New York City Urban Farms After Hurricane Sandy

November 12, 2012 by

Battery Urban Farm. Photo via the Battery Conservancy.

Hurricane Sandy’s wrath caused the damage and demise of a number of New York City urban gardens and farms, some less fortunate than others. 

Brooklyn Grange Urban Rooftop Farms
Brooklyn Grange lost one million bees at the their Navy Yard urban farming project, considered pre-storm to be the city’s largest commercial apiary and for which they had raised $20,000 on a Kickstarter campaign just last Spring. The twenty-five lost hives, donated last year by a retired Pennsylvania beekeeper, each contained around 40,000 extra-hearty bees with reputedly stellar genetics. The farm’s two gardens, one located on top of an 11-story building in the Navy Yard and the other above a 6-story building in Long Island City, did much better than the bees and so did their chickens. In advance of the storm, farm staff spent several long days securing the chicken’s penthouse coop.

Some of Brooklyn Grange’s beehives landed under this truck. Photo: Brooklyn Grange.

Added Value Red Hook Community Farm 
Created in 2003 on the site of an abandoned two and a half acre playground, Added Value Red Hook Community Farm  is one of the city’s earliest urban farms, and today still one of New York City’s largest ground-level farms.

Added Value Farm Co-Founder and Executive Director, Ian Marvy, surveys damage. Photo: Valery Rizzo.

The farm was totally submerged under two feet of water in the hurricane and they lost everything. Executive director Ian Marvy reports that the remaining crops cannot be sold or donated because of water pollution. See Nona Brooklyn’s full report on Added Value Farm after the storm.

Urban Value Farm staff making compost pile from produce damaged in floods. Photo: Valery Rizzo.

(Note: According to Jen from the NYC Compost Project in Queens, if plants have been touched by floodwaters, instead of putting them aside, they should be thrown away, not composed as anything that has been touched by floodwaters will be contaminated with chemicals.)

Eagle Street Rooftop Farm
Though Eagle Street Rooftop Farm experienced 70 mph winds, staff and volunteers prepared for the storm in advance by picking all harvestable crops and placing the chickens in the market room. They are confident that the remaining crops–kale, spinach, radishes– will bounce back as the weather picks up. Whatever damage they incurred was mostly the result of wind, as they report the farm’s greenroof drainage system functioned well in the storm. (Eagle Street’s peppers are being contributed to the creation of a small-batch hot sauce whose profits will be donated to the storm relief. See below.)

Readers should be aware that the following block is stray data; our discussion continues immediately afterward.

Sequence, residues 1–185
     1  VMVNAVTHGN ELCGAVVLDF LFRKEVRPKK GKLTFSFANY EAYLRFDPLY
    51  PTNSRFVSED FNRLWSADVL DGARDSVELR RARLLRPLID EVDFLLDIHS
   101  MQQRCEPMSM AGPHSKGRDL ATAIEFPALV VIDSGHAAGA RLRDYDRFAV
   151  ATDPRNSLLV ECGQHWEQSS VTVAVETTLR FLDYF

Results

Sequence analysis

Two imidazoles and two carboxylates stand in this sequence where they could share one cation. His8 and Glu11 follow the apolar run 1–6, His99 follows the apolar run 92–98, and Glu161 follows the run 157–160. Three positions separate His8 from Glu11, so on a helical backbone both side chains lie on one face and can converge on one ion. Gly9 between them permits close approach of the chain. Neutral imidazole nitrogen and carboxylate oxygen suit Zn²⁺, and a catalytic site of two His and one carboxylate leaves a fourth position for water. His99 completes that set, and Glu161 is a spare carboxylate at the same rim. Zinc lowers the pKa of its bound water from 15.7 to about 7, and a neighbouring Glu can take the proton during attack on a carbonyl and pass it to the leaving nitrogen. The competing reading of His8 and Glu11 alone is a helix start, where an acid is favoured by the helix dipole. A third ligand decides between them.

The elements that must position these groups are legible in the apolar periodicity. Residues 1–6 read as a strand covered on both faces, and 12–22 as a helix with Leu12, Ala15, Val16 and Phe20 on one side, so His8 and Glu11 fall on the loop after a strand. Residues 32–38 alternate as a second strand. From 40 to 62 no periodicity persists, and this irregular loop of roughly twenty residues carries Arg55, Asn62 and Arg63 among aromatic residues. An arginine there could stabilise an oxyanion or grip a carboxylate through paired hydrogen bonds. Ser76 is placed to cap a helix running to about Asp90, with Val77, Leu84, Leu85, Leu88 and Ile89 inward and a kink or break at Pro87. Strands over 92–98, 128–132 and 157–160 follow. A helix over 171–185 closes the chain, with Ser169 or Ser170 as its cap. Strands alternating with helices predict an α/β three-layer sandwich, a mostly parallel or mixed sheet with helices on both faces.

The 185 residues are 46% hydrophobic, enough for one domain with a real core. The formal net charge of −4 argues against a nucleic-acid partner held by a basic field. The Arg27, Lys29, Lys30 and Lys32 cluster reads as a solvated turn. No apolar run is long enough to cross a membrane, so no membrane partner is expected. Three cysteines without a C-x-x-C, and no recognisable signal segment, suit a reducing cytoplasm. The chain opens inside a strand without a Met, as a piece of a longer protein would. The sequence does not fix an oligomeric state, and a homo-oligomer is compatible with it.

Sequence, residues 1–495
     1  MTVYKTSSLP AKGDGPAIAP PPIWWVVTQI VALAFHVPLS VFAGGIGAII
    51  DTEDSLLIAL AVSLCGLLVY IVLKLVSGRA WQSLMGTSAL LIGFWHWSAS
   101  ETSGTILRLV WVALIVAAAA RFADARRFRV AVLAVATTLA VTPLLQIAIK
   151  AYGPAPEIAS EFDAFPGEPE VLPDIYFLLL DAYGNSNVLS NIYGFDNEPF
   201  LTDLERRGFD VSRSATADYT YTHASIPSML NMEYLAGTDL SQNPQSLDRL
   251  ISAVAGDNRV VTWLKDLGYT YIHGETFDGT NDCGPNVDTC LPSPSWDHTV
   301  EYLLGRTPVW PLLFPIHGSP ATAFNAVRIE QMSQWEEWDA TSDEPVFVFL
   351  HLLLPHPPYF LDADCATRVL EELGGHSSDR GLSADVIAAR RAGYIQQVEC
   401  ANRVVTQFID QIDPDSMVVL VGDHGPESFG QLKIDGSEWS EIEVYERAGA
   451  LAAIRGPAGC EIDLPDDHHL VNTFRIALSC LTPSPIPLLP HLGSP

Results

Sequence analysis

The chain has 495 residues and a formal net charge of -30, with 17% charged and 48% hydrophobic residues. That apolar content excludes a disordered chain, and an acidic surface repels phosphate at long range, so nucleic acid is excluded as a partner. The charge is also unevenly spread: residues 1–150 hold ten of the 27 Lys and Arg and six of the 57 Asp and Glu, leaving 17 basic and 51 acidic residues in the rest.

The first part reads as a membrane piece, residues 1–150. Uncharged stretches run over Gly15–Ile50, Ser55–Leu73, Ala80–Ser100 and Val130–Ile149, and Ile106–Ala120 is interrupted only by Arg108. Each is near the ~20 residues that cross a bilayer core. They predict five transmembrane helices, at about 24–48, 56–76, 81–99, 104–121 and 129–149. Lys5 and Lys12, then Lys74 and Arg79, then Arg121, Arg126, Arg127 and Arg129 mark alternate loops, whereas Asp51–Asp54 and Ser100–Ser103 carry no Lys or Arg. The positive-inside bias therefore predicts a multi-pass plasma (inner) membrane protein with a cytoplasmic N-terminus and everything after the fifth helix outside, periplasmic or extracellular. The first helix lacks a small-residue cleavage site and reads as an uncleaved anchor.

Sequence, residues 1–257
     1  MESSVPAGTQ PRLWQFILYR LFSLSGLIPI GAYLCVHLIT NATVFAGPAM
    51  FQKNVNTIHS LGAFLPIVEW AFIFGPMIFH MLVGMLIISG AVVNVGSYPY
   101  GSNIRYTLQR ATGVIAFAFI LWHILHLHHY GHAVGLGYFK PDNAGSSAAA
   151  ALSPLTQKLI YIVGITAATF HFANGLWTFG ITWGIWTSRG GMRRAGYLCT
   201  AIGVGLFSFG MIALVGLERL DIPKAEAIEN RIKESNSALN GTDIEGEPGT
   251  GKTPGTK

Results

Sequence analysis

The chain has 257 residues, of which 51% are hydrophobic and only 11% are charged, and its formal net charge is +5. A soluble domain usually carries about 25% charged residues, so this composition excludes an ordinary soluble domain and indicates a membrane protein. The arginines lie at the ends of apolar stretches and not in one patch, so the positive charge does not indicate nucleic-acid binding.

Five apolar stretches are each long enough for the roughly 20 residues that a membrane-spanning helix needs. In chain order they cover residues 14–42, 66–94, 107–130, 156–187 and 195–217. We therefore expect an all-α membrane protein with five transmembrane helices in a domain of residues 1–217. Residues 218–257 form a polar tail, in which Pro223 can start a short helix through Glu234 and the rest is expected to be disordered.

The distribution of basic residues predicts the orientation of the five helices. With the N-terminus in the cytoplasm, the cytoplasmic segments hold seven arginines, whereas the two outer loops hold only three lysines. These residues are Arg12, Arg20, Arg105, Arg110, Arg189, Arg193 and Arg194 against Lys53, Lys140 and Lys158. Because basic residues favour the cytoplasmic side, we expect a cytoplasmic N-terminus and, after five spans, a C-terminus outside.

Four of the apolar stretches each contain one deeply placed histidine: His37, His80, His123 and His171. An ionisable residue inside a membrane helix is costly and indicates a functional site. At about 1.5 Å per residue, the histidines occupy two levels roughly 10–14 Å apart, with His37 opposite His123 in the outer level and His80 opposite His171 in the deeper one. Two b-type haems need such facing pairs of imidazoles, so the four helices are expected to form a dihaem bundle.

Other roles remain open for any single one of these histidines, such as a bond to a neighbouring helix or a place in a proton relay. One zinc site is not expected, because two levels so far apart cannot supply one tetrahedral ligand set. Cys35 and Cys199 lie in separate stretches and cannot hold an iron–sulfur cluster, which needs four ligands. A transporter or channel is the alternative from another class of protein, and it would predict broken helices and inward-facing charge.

Eagle Street Rooftop Farm survived Sandy pretty well. Photo: Eagle Street.

Battery Urban Farm
A “turkey-shaped” one acre educational farm, located in the historic 25 acre park at the tip of Manhattan known as the Battery, the farm is home to over 80 varieties of organically-grown vegetables, fruits, flowers, grains, and companion plants where it’s open for the growing season, April through November. The farm sustained major flooding, but they are not yet certain what long-term damages to the soil will result from salty seawater flooding.

Battery Urban Farm’s Seedling Program. Photo via the Battery Conservancy.

Gotham Greens
The Greenpoint, Brooklyn rooftop hydroponic greenhouse facility reported they were unaffected by Sandy. Their crops, they say, are in great shape they are busy harvesting and sending out produce to customers.

Gotham Greens hydroponic rooftop greenhouse. Via Gotham Greens.

See Grist for more on how NYC local urban farms fared in the hurricane.

Hot Sauce for Storm Relief!
Grateful to have escaped storm damage themselves, Eagle Street has partnered with the Brooklyn KitchenMarlow and Daughters, and Eat and Ovenly to offer a limited edition small-batch hot sauce made with 100% organic peppers from the Eagle Street Rooftop Farm. Proceeds from purchases will go towards the Rockaway Waterfront Alliance as well as other urban farmers devastated by Hurricane Sandy. The hot sauce can be purchased at one of the participating sites.

1 Comment »

  1. Five Post-Hurricane Urban Garden Food Safety Tips | Urban Gardens | Unlimited Thinking For Limited Spaces | Urban Gardens Pingback said:

    […] we reported in an earlier post, Jen from the NYC Compost Project at the Queens Botanical Garden shared some important information […]

    — November 20, 2012 @ 17:58

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